Thankfully in my day, there were no tuition fees. Even so, although my parents were now earning good incomes, their income was such that I was still eligible for means-tested hardship funds at Cambridge and I took these as well as student loans. Although I did not work in term time (which is forbidden at Cambridge due to the rigour of the courses), I worked every Christmas and summer holiday; initially for minimum wage at a dry cleaners, and then realising that I had more potential than this, at twice minimum wage as a medical secretary. This afforded me the extravagance of May Balls and to travel myself interesting (Eastern Europe, New York, San Francisco, Cape Town).

Despite being accused at times of “only having been accepted at Cambridge because I was a BME female” a cheap jibe from the threatened, I knew that my grades matched those of the privately educated white males, and I graduated with a 2:1, the same as the majority of the white males. I took a University academic prize with me and took up employment at the best clinical and academic centre in Europe for my medical specialty.

Interestingly, having Cambridge on my CV suddenly meant that people assumed I had a privileged upbringing. A senior colleague once told me to accept a colleague’s arrogance by saying “you can’t be too hard on him because he came from a poor background, he had to work through medical school, he didn’t come from a privileged background like us”. I didn’t think it appropriate to buy sympathy and bring up my summers and winters sorting out the shirts of Japanese business men. At a dinner party with a Professor of Economics at a leading University, he bemoaned the number of foreign Chinese PhD students at his University who came from rich families and expected to be “spoon-fed” their degrees. He asked how my family came to the UK, and I said “My Dad came to do a PhD”. He immediately gave me a scornful look that said “Oh – you are the spawn of one of them”. It didn’t seem apt to say – “but he got there through sheer hard work having worked 10 years to support himself to get a place there”. At an appraisal, I was once told that I “had a reputation for being forthright and assertive”. I meant to cry out “Do you think that people wait with baited breath to listen to what a BME female has to say?” but I didn’t. He followed it up with “We British don’t like it.” I presumed he was excluding me from being British due to some sort of apartheid era definition where “Britishness” was coded in skin colour, as my family and I have lived in Britain and held British passports for 30 years. I meant to respond, but I didn’t.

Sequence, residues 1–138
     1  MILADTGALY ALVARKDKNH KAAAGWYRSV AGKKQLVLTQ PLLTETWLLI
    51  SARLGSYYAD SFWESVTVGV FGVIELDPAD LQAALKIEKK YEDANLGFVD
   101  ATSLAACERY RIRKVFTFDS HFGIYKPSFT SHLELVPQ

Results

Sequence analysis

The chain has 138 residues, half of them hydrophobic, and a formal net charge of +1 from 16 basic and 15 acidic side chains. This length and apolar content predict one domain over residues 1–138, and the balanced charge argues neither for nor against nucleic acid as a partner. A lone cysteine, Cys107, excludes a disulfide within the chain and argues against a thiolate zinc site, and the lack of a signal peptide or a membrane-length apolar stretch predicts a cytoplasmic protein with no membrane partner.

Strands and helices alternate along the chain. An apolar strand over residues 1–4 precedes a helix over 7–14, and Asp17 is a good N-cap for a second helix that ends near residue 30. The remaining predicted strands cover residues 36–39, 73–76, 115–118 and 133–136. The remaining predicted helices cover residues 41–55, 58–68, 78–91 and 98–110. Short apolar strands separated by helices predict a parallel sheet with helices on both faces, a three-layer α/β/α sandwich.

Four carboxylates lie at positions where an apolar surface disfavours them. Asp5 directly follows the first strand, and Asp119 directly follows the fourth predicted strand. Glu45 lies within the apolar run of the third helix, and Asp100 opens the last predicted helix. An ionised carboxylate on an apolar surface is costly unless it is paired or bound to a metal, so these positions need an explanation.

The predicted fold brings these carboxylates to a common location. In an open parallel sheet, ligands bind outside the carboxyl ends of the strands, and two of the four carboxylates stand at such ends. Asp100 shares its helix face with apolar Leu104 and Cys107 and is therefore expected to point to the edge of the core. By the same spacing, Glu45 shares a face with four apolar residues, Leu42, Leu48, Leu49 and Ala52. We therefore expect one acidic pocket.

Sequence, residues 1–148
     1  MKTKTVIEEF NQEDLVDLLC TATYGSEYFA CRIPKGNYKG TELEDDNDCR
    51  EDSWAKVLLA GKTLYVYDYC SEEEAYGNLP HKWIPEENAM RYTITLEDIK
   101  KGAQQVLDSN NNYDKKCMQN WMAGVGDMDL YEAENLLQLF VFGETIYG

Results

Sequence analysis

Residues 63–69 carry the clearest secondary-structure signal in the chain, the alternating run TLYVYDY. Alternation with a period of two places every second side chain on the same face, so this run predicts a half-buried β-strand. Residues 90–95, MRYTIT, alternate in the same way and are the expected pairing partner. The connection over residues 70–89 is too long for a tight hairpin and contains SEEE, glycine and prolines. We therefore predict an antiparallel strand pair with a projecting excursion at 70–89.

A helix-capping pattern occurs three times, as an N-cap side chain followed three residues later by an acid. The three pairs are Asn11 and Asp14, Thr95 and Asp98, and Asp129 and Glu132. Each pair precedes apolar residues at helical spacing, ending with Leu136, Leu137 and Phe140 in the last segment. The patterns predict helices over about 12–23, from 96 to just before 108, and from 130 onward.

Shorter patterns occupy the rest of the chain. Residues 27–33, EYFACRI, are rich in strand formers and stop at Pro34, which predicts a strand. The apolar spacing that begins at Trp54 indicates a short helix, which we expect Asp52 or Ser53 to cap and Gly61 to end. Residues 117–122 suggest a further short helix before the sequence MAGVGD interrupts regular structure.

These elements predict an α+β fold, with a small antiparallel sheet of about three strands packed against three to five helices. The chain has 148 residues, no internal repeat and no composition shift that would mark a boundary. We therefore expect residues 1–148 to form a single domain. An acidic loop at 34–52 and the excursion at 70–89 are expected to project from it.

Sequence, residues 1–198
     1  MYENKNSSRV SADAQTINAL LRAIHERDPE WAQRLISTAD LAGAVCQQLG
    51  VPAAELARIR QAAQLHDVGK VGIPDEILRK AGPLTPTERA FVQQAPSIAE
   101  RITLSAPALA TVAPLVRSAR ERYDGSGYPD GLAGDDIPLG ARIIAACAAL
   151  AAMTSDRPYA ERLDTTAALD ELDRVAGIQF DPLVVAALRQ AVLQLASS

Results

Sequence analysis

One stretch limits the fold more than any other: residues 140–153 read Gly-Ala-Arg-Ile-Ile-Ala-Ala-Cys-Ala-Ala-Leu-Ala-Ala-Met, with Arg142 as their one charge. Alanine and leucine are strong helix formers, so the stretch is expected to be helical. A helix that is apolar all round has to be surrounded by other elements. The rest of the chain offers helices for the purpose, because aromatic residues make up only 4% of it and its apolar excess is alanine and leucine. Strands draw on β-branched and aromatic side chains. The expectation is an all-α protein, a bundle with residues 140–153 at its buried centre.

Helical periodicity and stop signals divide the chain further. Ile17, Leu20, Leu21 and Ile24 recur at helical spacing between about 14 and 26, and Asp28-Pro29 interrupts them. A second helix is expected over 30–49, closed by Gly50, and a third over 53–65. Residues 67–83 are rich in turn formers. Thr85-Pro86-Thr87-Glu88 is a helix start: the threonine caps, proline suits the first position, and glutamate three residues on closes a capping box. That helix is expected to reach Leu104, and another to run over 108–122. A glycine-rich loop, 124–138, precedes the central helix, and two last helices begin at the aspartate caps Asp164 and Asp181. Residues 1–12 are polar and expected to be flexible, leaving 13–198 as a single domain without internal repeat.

People that didn’t know I had been to Cambridge continued to mistake me for the nanny/ maid/ cleaner. I mean to correct them, but I don’t.

The reason being that this stuff is like water off a duck’s back. Over years, the BME state school woman develops a skin as thick as a rhino. From the braying “Ching Chong China Man”, “Go back to your own country” taunts from the playground to the assumptions in the workplace that the reason you have made it is because you paid your way or were promoted in an affirmative action. It may have knocked me back but it has never stopped me going where I wanted to go.